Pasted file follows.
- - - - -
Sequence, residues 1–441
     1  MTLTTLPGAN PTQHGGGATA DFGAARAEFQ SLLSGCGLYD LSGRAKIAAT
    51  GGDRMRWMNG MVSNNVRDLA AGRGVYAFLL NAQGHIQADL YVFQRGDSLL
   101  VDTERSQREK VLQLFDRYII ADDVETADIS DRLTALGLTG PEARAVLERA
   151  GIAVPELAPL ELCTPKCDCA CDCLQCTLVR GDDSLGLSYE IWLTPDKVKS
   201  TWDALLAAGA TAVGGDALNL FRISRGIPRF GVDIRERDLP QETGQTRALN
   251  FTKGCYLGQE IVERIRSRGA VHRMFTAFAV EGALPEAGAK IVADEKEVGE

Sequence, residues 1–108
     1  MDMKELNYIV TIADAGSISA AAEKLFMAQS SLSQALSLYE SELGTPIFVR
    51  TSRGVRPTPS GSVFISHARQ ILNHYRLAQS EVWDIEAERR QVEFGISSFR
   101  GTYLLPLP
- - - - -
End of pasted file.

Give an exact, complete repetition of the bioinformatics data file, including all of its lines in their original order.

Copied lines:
Sequence, residues 1–441
     1  MTLTTLPGAN PTQHGGGATA DFGAARAEFQ SLLSGCGLYD LSGRAKIAAT
    51  GGDRMRWMNG MVSNNVRDLA AGRGVYAFLL NAQGHIQADL YVFQRGDSLL
   101  VDTERSQREK VLQLFDRYII ADDVETADIS DRLTALGLTG PEARAVLERA
   151  GIAVPELAPL ELCTPKCDCA CDCLQCTLVR GDDSLGLSYE IWLTPDKVKS
   201  TWDALLAAGA TAVGGDALNL FRISRGIPRF GVDIRERDLP QETGQTRALN
   251  FTKGCYLGQE IVERIRSRGA VHRMFTAFAV EGALPEAGAK IVADEKEVGE

Sequence, residues 1–108
     1  MDMKELNYIV TIADAGSISA AAEKLFMAQS SLSQALSLYE SELGTPIFVR
    51  TSRGVRPTPS GSVFISHARQ ILNHYRLAQS EVWDIEAERR QVEFGISSFR
   101  GTYLLPLP